Understanding the role of data in IIoT

When it comes to the industrial internet of things, data is the currency. But who is defining the meaning of data? Stefan Hoppe from OPC Foundation explains

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By Guest on 28 June 2017
Understanding the role of data in IIoT

This article first appeared in the Spring 2017 issue of The Record.

A key challenge around Industry 4.0 and the industrial internet of things (IIoT) is creating secure, standardised data and exchanging information between devices, machines and services across various industries.

IEC62541 – the OPC Unified Architecture (OPC UA) standard – is the only mandatory protocol required as part of the criteria checklist of ‘product capabilities for Industry 4.0 products’ created by Germany’s Federal Ministry for Economic Affairs, and Economy and Federal Ministry of Education and Research. This means that essentially, when it comes to adopting Industry 4.0 practices, the OPC UA information model property is a requirement, rather than just an option.

On the face of it, the concept of information modelling seems too complicated for most companies and engineers. In the main, they want to talk about ‘how’ to exchange data and information, rather than ‘what’ it is they are exchanging.

Interestingly, each device and machine builder today provides an information model detailing data and interfaces. We, as humans, have started to adapt to thinking about computers in bits and bytes and hex codes. The new world of devices makes it faster and easier for people to understand what these ‘things’ are and how they work. A service-oriented architecture (SOA) approach in the IT world has existed for a while – but now SOA is moving into the things themselves.

Thinking about connectivity – the ‘how’ I referred to previously – is all well and good, but the real key for IIoT is understanding the ‘what’ – the data and its behaviour, or the ‘things’ themselves.

This is where OPC UA helps as an industrial interoperability framework. Device and machine builders can add and define object-oriented information to their systems and confirm access rights via integrated IT security.

But who is defining this ‘what’? The answer is other associations. These include the AIM organisation for the automatic identification and data capture industry, and Germany’s Mechanical Engineering Industry Association trade groups, which cover everything from injection moulding machines to robotics. Numerous other organisations already define their information in OPC UA servers – a companion of the OPC UA specification.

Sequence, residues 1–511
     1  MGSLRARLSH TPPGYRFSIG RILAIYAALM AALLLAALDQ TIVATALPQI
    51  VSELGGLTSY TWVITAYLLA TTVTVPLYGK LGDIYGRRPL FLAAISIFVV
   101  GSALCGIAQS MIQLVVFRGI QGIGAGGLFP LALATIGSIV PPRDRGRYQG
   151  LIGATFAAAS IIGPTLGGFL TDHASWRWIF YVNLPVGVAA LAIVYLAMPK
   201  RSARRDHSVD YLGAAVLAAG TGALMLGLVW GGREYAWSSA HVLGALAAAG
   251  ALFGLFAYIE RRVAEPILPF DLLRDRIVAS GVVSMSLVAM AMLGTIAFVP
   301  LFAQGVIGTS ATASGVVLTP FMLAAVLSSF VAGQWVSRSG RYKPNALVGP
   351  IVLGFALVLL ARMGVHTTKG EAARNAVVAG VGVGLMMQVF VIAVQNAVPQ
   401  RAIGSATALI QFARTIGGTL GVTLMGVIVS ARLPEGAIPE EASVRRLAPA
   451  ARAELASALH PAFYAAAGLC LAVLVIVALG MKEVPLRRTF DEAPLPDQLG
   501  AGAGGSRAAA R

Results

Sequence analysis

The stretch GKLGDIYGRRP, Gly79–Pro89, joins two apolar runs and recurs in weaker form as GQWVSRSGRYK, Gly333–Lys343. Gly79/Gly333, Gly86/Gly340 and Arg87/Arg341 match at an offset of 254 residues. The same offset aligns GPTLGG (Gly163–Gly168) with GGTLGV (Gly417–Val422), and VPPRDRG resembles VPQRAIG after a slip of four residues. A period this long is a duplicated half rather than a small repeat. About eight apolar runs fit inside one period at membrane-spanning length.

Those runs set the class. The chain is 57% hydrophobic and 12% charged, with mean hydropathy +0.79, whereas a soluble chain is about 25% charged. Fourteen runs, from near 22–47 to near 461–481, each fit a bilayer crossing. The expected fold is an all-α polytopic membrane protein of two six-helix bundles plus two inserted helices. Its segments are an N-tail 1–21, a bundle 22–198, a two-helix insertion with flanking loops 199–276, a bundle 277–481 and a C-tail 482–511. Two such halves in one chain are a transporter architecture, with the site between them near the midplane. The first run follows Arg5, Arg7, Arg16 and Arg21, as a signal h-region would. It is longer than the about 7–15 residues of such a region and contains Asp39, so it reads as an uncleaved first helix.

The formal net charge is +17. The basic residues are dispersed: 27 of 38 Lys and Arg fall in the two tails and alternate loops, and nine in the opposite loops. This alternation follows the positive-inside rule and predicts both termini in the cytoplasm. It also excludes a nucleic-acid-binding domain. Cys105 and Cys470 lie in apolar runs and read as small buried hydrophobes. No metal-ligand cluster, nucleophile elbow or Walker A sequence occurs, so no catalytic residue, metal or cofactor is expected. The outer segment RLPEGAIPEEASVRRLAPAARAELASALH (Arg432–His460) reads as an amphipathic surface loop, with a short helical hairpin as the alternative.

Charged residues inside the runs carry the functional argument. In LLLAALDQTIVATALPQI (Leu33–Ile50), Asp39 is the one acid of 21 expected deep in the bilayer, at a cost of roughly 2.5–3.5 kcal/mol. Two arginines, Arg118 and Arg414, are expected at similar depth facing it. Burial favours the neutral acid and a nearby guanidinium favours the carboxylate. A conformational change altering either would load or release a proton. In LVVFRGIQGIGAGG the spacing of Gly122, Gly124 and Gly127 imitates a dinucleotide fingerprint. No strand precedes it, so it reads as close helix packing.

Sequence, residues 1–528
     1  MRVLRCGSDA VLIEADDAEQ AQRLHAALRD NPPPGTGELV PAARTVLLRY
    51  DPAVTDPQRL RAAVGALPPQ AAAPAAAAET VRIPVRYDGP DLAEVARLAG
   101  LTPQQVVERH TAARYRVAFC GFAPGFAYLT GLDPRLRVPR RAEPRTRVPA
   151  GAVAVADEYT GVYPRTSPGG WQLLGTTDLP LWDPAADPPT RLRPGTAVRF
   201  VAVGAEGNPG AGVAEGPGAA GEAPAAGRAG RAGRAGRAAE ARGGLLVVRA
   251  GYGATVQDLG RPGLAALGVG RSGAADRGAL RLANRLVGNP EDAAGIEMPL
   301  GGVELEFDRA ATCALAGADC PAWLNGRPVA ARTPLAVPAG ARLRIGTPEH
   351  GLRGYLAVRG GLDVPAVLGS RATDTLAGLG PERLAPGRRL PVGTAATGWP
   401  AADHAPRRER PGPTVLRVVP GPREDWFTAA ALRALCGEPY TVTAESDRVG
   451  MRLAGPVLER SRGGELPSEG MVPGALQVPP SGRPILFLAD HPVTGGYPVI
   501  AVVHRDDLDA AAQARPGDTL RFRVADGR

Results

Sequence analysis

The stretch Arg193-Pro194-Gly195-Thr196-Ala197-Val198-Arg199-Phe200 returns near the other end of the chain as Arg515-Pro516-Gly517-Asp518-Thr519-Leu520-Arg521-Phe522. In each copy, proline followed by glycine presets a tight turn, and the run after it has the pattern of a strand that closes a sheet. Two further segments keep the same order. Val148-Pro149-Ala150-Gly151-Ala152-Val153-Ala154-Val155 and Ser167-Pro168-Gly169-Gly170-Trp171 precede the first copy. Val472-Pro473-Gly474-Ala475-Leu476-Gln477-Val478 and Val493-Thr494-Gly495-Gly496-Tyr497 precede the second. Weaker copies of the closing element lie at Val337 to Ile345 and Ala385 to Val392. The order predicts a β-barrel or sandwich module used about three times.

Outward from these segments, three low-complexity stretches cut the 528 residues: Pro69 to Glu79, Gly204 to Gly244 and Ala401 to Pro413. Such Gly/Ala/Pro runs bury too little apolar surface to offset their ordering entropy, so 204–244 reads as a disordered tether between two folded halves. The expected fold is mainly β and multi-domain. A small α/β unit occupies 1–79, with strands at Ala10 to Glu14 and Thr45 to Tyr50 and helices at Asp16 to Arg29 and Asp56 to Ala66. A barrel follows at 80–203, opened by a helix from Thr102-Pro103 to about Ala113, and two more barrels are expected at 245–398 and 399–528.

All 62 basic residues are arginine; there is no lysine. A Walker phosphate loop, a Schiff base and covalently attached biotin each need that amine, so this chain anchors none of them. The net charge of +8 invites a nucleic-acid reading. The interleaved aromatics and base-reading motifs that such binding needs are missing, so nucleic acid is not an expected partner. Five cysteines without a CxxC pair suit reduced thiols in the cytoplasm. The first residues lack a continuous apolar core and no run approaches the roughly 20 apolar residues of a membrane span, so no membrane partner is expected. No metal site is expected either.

Supporting this standard does not simply centre around data exchange – a number of additional special services can also be offered in parallel. This means that differentiation inside the device, or outside with external cloud services, is key.

Intelligent devices support multiple parallel information models. This includes the dedicated functionality of the device itself, but also energy data and manufacturing execution system interfaces.

The importance of these industry and cross-industry information models will rise sharply in the future. Manufacturers that do not support these standards could soon be out of business.

Microsoft has deeply integrated OPC UA in its Azure cloud, which allows bi-directional communications with OPC UA enabled devices. This includes device to cloud, which pushes telemetry data to the cloud, as well as cloud to device, which helps manage devices with optional command and control.

Perhaps most importantly, however, is the ease with which Microsoft can understand this data and services. This is key for IIoT, and is exactly why OPC UA is mandatory for Industry 4.0.

Do you still describe the meaning of data in each project? Why not become part of the biggest ecosystem for industrial interoperability, OPC UA, and really use and analyse data instead of just describing it?

 

Stefan Hoppe is vice president of OPC Foundation

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